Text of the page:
Audiobook: Pretty Things

by Janelle Brown
Read by Julia WhelanLauren Fortgang & Hillary Huber 
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Content: There is a lot of swearing, including many f-bombs, as well as non-graphic depictions of sex. It’s in the Fiction section of the bookstore.

Nina Ross has always been at the mercy of her mother’s lifestyle. They’ve moved over and over again, never quite getting ahead. Mostly because her mother really couldn’t hold down a job, preferring to con rich men out of their money. It’s not been a great life, except for that one year when she lived up in Tahoe, and met Benny, but was put off by his uber-rich family (including his sister, Vanessa). But that was all in the past, and Nina herself has resorted to conning and stealing with her boyfriend to help pay her mother’s medical bills since she came down with cancer.

Vanessa is the privileged daughter of a once uber-wealthy family. She wanted to make her own mark on the world, though, so she tried out several things (losing a lot of her trust fund) until she settled on being an Instagram influencer and all that comes with it. But her mother committed suicide, her brother is in an asylum because of his schizophrenia, and her father died and left her the family home, Stonehaven, at Tahoe.

Which is where Vanessa and Nina’s lives intersect: Nina and her boyfriend head up to Tahoe to con Vanessa out of the money Nina is sure is in the house safe. But will they succeed?

Alternating Vanessa and Nina’s viewpoints, this one kept me thoroughly engrossed. I don’t know if it was in part because the narrators were so fabulous (So fabulous!) or if it was the story that kept me interested, but I would sit for hours (working on puzzles) listening to the tale of Vanessa and Nina unfold. There’s a lot in there as well: class issues and privilege and perspectives and how we do or don’t trust and believe in people. Ultimately, it is the story of two women figuring out how to believe in themselves.

Definitely worth reading.

Thieving Weasels

thievingweaselsby Billy Taylor
First sentence: “I would have killed to go to Princeton.”
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Content: There’s a handful of swear words (no f-bombs that I remember) and some off-screen, implied sex. Plus drug use and teen drinking. It’s in the Teen Section (grades 9+) of the bookstore.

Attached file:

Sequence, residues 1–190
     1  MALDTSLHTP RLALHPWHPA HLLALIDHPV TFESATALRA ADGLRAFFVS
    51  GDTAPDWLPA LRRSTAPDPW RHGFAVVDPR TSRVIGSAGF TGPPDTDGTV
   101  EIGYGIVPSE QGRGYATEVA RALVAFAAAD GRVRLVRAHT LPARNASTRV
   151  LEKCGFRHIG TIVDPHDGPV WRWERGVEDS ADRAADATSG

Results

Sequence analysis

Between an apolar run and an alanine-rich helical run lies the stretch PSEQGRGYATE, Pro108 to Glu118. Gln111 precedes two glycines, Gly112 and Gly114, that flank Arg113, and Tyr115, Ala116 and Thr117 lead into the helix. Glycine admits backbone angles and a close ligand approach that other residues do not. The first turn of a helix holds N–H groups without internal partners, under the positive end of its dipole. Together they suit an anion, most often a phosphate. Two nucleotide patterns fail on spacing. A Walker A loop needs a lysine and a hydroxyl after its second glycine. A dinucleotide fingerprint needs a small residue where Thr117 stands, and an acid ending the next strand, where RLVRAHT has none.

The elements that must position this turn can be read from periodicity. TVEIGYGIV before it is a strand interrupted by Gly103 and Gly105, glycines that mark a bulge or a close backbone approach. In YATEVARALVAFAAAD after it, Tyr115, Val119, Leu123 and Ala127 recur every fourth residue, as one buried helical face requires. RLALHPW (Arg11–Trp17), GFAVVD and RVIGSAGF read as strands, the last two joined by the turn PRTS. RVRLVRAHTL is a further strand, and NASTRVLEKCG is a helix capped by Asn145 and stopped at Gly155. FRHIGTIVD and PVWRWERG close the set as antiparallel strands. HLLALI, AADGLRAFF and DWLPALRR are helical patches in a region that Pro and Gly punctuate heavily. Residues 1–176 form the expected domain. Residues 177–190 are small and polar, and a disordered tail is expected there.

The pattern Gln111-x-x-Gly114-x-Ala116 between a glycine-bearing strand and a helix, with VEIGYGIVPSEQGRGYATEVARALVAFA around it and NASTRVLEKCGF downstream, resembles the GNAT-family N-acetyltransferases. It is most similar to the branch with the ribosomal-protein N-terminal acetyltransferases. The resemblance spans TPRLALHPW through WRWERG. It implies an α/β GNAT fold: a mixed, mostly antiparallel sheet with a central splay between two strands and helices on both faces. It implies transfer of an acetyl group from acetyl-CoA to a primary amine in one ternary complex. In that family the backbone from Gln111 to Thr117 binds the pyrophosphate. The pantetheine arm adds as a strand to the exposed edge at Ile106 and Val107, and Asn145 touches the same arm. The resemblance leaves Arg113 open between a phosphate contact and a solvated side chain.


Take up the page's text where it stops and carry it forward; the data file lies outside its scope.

Cam Smith has a goal: finish up at his boarding school, Wheaton, get into Princeton with his girlfriend, and leave his dirty, awful past behind. Then: his dirty, awful past comes for him. In the form of his Uncle (Wonderful, meant very sarcastically), his cousin Roy, and his mother. Who supposedly attempted suicide and is in a mental institution. It turns out that Cam — who is really Skip O’Rourke — is needed for a Big Job, one that will pay everyone lots of money and so they can all be Very Happy. What it turns out to be is a royal mess.

I was torn about this one. On the one hand: long con books. I love heist and long con books. It’s fun to follow the clues, to figure out who is conning who (in this case, everyone is conning everyone) and to see who comes out on top. This one, as far as cons go, was probably overly complicated (it kept twisting and turning), but in the end, very satisfying.

On the other hand: Cam/Skip’s mom was AWFUL. Beyond awful. Neglectful and borderline abusive (“I’m doing this for your own good”), in the end I just couldn’t handle her. (Maybe my opinions on bad mothers have changed since having E in the house…) I not only wanted to smack his family, I actively despised them. The uncle was awful, the cousin was a brat. But his mother didn’t deserve anything but scorn. And perhaps Taylor meant it to be that way, to have someone so awful that the illegal things Cam/Skip did weren’t “too bad”, but it grated on me. In the end, I think it was supposed to be humorous, but I found myself often annoyed. Which is never a good sign.

So: not bad, but not the best con book I’ve ever read, either.